Assembly

First, I joined chain stays and central BB shell tubes together. To secure each tube on the precise place I used simple wooden jig. Final assembly 1

I placed two threaded rods with marked mean points into jig so that axial symmetry had been kept. I strung BB shell tube with central assembly on the first threaded rod and secured with two conical-shaped nuts. It is worth to note that I wrapped BB shell tube with one layer of fiberglass cloth to prevent galvanic corrosion. The second threaded rod with nuts 130mm apart hold chain stays construct. Final assembly 2

I attached tubes of chain stays to the BB shell tube by cutted pieces of carbon fibers mixed with epoxy. Length of the carbon fibers were within range of 1 to 6 cm. Mixing caused intercrossing the filaments through each other. I applied such a mixture on junctions of the frame. It turned out to be surprisingly strong glue. Strong enough to withstand gentle manipulation with the frame. Final assembly 3

Finished chanistays-BB shell tube construct. Final assembly 4

The next step I had to take was preparation of the second jig. I used first jig as a basis for the final one. Then, I placed the old metal frame into jig to keep dimensions for the new frame. As seen on the picture, I put the frame into jig so that fork got on the same level with BB shell threaded rod and thus chainstays raised up little bit. Final assembly 5

I strung head tube with head ball-bearings onto old fork that I mean to revert to carbon fork later and secured with appropriate head nut with upside down orientation. I inserted wooden wedge into fork and whole construct put into jig. I decreased angle to approximately 72.5°. Exact position was fixed later by second wooden stop. This way I could move fork what eased adjustment of the length of the bottom and top tubes, respectively. Then, I placed prepared chainstays-BB shell tube construct on the jig and fixed with nuts. Final assembly 6

I shaped one end of the carbon seat tube with sandstone attached on the drill. The seat tube should sit perfectly on the BB shell tube. The opposite end of the tube I attached to the jig by wooden wedge. I used cutted carbon fibers-epoxy mixture to glue the bottom end of the seat tube to the BB shell tube. Final assembly 7

Final assembly 8

I used the same procedure in the case of the bottom tube... Final assembly 9

Final assembly 10

...as well as the top tube. Final assembly 11

Final assembly 12

Junctions between top tube and head and seat tubes, respectively, I wrapped with perforated PVC tape. Junctions were clearly smoother and probably stronger as well. However, to look does not really matter so much as these junctions will be covered by layers of carbon cloth later. Final assembly 13

I secured BB shell tube by unidirectional carbon tape. I used the same tape to secure chainstays, seat and bottom tubes, respectively. Red lines illustrate direction of the tape. I placed these tapes without epoxy first. Then, I used carbon rowing to keep tape on the place and, finally, I wet the tape with epoxy and wrapped by PVC tape. Final assembly 14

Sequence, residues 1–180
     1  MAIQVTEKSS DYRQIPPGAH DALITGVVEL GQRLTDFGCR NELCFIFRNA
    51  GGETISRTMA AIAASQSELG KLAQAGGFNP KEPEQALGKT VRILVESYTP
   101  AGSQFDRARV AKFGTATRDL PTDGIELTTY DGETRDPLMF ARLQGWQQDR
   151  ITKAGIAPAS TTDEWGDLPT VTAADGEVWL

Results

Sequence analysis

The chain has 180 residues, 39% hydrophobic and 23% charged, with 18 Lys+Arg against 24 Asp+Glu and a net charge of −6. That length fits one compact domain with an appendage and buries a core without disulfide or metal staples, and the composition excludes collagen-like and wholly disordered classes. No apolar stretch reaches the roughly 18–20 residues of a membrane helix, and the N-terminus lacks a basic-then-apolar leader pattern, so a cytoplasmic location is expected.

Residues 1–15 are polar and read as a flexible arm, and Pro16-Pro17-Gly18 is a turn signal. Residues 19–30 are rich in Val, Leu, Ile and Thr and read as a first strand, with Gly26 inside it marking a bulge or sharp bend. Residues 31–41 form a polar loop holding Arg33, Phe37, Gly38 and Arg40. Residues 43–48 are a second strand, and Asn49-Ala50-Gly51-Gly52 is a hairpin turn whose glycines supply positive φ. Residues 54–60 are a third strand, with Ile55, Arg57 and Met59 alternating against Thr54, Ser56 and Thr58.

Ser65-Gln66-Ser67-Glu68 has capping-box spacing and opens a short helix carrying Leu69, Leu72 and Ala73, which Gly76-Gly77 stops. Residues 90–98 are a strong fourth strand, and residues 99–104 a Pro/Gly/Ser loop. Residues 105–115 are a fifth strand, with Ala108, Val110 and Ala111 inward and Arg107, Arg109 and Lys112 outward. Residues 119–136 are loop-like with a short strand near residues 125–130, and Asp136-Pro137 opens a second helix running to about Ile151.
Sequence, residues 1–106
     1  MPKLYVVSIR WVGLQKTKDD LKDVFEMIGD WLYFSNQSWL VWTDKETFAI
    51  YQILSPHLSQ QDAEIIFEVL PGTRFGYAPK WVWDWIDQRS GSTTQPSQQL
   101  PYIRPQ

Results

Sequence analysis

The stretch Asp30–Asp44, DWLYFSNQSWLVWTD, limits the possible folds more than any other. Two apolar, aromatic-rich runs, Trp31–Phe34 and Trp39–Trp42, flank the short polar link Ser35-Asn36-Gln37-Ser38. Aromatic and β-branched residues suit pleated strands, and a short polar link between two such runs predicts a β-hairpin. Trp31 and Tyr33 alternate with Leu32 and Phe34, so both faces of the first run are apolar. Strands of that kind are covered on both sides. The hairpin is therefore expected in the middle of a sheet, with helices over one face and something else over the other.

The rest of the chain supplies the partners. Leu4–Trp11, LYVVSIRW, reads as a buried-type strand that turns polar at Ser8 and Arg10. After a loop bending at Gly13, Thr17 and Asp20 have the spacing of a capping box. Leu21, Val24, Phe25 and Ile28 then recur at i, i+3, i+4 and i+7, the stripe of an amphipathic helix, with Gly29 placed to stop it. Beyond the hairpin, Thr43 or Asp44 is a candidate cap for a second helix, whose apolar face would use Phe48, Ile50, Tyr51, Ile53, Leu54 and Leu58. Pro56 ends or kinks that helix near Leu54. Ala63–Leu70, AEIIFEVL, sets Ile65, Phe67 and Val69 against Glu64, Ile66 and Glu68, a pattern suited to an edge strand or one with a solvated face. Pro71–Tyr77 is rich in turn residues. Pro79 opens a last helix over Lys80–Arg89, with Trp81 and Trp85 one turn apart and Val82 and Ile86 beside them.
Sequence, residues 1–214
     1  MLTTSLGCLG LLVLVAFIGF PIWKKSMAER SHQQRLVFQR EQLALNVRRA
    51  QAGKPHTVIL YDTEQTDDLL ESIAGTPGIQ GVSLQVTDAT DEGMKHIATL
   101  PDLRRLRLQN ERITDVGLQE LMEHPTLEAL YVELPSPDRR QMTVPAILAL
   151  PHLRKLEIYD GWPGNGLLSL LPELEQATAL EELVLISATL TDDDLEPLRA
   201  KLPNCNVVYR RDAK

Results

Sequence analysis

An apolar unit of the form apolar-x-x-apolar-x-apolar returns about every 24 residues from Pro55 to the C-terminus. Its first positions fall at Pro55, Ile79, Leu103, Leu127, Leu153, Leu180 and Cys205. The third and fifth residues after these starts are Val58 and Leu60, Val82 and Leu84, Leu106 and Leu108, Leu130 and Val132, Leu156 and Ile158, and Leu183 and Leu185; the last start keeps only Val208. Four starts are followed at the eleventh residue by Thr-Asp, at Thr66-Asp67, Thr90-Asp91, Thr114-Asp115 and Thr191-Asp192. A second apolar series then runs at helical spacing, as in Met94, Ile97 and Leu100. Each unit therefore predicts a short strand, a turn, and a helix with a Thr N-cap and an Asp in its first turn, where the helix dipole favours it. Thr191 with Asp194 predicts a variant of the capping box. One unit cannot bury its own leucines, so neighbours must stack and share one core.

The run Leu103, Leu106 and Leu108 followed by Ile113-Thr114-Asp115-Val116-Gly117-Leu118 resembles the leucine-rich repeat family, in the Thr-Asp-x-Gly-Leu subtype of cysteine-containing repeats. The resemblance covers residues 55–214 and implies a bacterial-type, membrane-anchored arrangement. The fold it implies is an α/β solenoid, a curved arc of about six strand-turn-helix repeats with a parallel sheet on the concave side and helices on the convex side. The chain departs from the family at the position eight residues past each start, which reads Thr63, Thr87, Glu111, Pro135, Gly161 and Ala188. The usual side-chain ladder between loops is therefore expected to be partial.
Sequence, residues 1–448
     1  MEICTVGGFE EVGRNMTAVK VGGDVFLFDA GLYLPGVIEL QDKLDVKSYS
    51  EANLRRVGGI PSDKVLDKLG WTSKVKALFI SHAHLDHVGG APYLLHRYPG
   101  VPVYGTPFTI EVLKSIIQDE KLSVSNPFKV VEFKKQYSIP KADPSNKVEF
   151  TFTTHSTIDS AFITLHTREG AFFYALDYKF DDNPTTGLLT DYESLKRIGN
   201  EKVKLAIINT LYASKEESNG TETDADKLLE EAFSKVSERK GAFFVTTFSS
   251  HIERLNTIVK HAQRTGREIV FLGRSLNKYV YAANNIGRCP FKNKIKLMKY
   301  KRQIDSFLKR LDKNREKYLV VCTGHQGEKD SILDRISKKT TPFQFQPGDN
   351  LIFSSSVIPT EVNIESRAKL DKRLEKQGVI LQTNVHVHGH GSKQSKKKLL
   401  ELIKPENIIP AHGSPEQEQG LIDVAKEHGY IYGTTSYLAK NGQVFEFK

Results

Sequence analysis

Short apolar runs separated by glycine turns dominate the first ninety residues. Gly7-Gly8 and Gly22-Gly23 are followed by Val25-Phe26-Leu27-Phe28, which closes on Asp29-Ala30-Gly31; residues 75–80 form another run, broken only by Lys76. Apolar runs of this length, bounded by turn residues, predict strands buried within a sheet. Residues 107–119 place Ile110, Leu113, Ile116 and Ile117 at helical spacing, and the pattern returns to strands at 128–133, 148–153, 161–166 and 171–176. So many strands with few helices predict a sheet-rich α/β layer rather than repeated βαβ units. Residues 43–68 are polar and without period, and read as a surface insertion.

I prepared connectors from styrofoam. The function of these connectors is to make joints between carbon tubes smoother. I glued styrofoam connectors on tubes and top part of these connectors reinforced by carbon tape. Final assembly 15

I tightened these tapes by carbon rowing, soaked with epoxy and joints wrapped by PVC tape. I let them dry until next day. Final assembly 16

I prepared 5 cm wide strips out of two types of carbon cloths. I put them on plastic tablecloth one by one and wetted with epoxy mixture. I put together 4 layers at one time. All the layers I covered with plastic tablecloth and used trowel to get out excess of epoxy. Final assembly 17

Carbon strips were laid sequentially onto connectors around the chainstays, bottom and seat tubes, and the bottom part of BB shell tube. Lateral part was covered by one stronger carbon cloth (seen later). Final assembly 18

I wrapped the whole construct by PVC tape and paper towels. Trowel was pretty handy tool for pushing out excess of epoxy resin. Final assembly 19

Bottom picture illustrates number and direction of layers around the BB shell. Lateral part is not perfect. I used cutted carbon fibers mixed with epoxy resin to fill in the cavities. Final assembly 20

I prepared 1cm long carbon fibers, mixed with epoxy resin, applied on the particular sites and tightened with PVC tape. Final assembly 21

Pieces of carbon cloths used for wrapping BB-shell. The way of how I wrapped these pieces around the tubes is shown on the picture. In fact, pieces overlap each other. Final assembly 22

The space between BB shell and tubes of chainstays I filled with styrofoam and inserted two layers of stronger carbon cloths inside. Final assembly 23

I glued couple of pieces of soft styrofoam together and sanded them to get appropriate shape. Resultant product I glued between head, top and bottom tubes. Final assembly 24

To connect the top and bottom tubes through the head tube I used stronger carbon cloth. Final assembly 25

Then, I used triangular pieces of carbon cloths and placed them accordingly (picture below). All the pieces are overlapping each other. As usual, I tightened the construct by tape and let cure overnight. I applied several layers by this way. Final assembly 26

And again, I applied several layers of the carbon cloths with different shape. Total number of layers is still questionable as the work on this part of frame is still on progress. So, stay tune. Final assembly 27

The seat stays were made as usually. First, I used four layers of carbon cloths, I will add four another layers latter. All ends were cutted accordingly to the final place. Final assembly 28

Final assembly 29

I put all the tubes to precise position, glued them together and secured. Final assembly 30

To be continued...